You there with no rotating text on your website. Do you want rotating text on your website? That was a rhetorical question. Of course you do. It’s objectively awesome.
It’s also an effect I’ve been playing around with on a personal website as a creative way to compress a bunch of information in a truncated space and add bit of dynamism to an otherwise static webpage. It’s a nifty little effect.
So the question is: are you a bad enough dude (or dudette) to have rotating text on your web page? Yes. Yes you are.
Step 1: On your Mark(up)s.
We’re going to want to arrange the text to be rotated in a group (a div or container, in my case, “spinnyWords”) in order to be able to specifically target them in one go with our CSS. Also, wrap each in <span> tags in order to style them without affecting the surrounding content.
Step 2: Styles of Beyond
We’re going to want to position and style our markup. The way it looks aesthetically is up to you, but make sure that the text is displayed inline to get the desired scrolling side-by-side effect, allowing them to segue onto the web page without disrupting anything beside it (since mine were h2’s, which usually take up the entire line as block elements, this was especially important). If your items are in a list, make sure to designate a ‘list-style:none’ to get rid of superfluous bullet points as well.
Target the spans inside your div or container to hide any overflow (you want them to disappear and reappear) and position them absolutely.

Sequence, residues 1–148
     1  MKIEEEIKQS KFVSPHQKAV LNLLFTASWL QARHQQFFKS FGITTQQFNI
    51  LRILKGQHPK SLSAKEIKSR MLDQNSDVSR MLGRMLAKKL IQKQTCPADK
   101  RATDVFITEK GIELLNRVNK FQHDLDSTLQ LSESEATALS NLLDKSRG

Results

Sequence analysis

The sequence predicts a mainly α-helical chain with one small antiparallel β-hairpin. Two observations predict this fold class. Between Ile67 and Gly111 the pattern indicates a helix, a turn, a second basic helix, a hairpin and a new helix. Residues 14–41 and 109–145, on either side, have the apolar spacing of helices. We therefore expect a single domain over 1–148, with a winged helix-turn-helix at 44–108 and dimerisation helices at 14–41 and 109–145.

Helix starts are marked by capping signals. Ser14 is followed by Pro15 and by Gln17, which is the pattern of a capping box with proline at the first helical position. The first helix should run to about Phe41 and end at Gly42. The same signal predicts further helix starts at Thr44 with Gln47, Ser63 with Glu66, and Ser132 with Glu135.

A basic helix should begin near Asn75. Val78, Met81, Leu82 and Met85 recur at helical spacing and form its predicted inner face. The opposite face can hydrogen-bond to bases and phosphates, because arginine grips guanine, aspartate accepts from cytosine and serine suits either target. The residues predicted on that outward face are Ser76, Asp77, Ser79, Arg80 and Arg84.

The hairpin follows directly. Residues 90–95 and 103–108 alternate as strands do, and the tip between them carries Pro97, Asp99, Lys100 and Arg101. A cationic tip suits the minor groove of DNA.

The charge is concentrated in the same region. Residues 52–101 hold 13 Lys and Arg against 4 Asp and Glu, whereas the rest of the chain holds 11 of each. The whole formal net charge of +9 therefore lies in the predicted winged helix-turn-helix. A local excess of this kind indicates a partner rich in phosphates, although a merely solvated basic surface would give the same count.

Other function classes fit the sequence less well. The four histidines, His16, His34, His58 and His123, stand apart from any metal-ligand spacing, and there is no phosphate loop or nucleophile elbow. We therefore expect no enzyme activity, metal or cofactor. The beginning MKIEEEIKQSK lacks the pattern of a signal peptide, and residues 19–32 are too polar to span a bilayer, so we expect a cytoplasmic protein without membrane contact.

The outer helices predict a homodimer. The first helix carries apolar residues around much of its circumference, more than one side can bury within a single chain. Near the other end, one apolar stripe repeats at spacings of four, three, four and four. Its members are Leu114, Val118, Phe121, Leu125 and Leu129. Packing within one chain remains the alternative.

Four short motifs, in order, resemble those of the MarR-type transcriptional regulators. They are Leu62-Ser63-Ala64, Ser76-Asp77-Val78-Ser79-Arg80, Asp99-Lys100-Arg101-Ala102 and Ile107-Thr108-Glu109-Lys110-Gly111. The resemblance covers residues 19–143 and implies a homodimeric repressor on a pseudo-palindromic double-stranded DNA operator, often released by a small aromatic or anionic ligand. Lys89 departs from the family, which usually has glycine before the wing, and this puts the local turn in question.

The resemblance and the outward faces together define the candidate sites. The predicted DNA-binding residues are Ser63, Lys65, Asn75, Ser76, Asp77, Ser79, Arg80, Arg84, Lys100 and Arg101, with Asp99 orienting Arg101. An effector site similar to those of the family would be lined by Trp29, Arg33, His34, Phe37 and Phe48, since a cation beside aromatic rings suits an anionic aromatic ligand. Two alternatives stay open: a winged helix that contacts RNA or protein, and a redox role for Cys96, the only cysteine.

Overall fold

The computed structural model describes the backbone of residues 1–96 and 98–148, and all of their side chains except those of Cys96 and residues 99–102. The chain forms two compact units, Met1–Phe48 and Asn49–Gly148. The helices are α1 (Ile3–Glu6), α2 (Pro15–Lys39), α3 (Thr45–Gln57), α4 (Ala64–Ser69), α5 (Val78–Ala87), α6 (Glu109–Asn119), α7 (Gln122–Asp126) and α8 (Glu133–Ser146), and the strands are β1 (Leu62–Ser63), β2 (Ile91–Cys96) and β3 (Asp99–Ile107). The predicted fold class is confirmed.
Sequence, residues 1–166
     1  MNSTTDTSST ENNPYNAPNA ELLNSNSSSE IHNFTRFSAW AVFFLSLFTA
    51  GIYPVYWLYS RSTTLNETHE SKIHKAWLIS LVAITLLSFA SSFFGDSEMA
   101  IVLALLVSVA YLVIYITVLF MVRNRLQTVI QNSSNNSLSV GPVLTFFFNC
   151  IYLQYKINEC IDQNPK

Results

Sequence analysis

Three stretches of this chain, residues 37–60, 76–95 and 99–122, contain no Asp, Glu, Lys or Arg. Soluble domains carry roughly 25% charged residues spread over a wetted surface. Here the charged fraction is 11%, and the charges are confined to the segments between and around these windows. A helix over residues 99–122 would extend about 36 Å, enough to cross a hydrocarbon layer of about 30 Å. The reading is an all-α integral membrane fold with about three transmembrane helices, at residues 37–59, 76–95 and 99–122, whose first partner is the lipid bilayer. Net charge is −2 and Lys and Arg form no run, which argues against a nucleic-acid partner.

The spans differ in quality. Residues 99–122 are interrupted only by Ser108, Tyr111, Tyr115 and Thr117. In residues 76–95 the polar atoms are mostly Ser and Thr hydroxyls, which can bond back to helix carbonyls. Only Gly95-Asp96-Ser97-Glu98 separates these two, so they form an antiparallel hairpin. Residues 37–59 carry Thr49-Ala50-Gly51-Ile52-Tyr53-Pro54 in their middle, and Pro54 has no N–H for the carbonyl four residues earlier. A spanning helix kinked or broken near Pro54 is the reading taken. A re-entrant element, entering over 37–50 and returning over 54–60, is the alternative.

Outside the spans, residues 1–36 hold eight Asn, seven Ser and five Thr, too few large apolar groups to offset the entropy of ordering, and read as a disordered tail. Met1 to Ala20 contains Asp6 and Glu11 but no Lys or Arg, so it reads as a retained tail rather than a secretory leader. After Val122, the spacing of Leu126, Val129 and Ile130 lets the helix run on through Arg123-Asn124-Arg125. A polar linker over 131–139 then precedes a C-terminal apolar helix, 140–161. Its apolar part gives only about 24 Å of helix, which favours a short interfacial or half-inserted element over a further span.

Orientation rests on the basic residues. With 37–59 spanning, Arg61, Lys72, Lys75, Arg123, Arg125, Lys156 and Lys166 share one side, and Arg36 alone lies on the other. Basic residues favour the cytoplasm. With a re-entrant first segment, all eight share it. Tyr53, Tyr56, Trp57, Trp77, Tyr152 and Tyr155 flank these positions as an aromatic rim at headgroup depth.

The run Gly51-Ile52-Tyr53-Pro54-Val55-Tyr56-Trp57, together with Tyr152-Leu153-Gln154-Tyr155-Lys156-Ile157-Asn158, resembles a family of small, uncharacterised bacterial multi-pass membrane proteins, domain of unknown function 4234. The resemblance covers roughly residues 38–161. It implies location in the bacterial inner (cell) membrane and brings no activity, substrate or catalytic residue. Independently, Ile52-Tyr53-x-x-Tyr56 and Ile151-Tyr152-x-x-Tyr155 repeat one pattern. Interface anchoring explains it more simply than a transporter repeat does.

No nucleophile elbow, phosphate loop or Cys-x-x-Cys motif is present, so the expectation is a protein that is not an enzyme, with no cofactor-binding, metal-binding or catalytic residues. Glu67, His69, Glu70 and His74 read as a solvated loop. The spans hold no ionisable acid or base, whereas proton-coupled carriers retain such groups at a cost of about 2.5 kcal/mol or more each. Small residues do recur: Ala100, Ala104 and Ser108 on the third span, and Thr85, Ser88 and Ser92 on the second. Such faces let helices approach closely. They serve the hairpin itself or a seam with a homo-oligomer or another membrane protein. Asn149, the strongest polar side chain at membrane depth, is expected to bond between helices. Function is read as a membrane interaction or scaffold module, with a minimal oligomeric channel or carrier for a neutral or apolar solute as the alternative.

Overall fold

Step 3: The part where stuff actually happens.
There are a couple of CSS effects/animations that essentially do the legwork for this, and the reason why you wanted to wrap everything within your container or div in spans is that you can target them all in one full swoop.
This is telling the browser to run the animation “rotateWord” on the spans linearly, running through each for 18 second intervals infinitely. Adjust settings as needed. Why did I choose 18 seconds? We’ll get to that.
Step 4: Assign keyframes/transforms to make the animation animate the way you want.
Keyframes split CSS animations into… key frames (Riveting). Transform the text along the X axis to get them to fade in and out sideways (If you want a vertical effect, simply change that value to the Y axis). Because we want the span to fade in and out, we want to make it opaque at certain keyframes and transparent in others. The opaqueness (the keyframes in which opacity is set to 1) is when the span is visible. I’ve set this to the middle (from 17%-18%) of the animation, at roughly 3 seconds of the 18 second animation time (The reasoning behind this is that I have six spans in total: 18 seconds/6 spans = 3 seconds apiece). Yours may differ. The percentages represent parts in the animation duration, with 0% being the beginning and 100% being the end. Play around with it and see what works and don’t forget vendor prefixes (just showing the Chrome one for brevity).
Step 5: ????
Run your code on your browser of choice.
What the hell happened?
I’ll tell you what happened. All your spans are animating at once. If there was a span fire, your spans would be creating a span bottleneck to block the span fire exit for everybody else. You probably don’t want that. This is why we have to individually declare a delay for each child under your main div/container so that they go one after another and not all at once. You can target each one specifically using the nth-child pseudo selector.
I’ve elected to give them three second breathing space each. This is also what informs how long you want to make the full animation time (Mine is 18 seconds because I have six items rotating at 3 seconds each one after another: 3 x 6 = 18). The number of items you have to rotate, along with the length of delay you want in between, will ultimately decide how long you should set your total animation length.
Step 6: PROFIT
Bask in all of your text-interchanging glory. You are now a god amongst men (and women (who want rotating text on their websites)).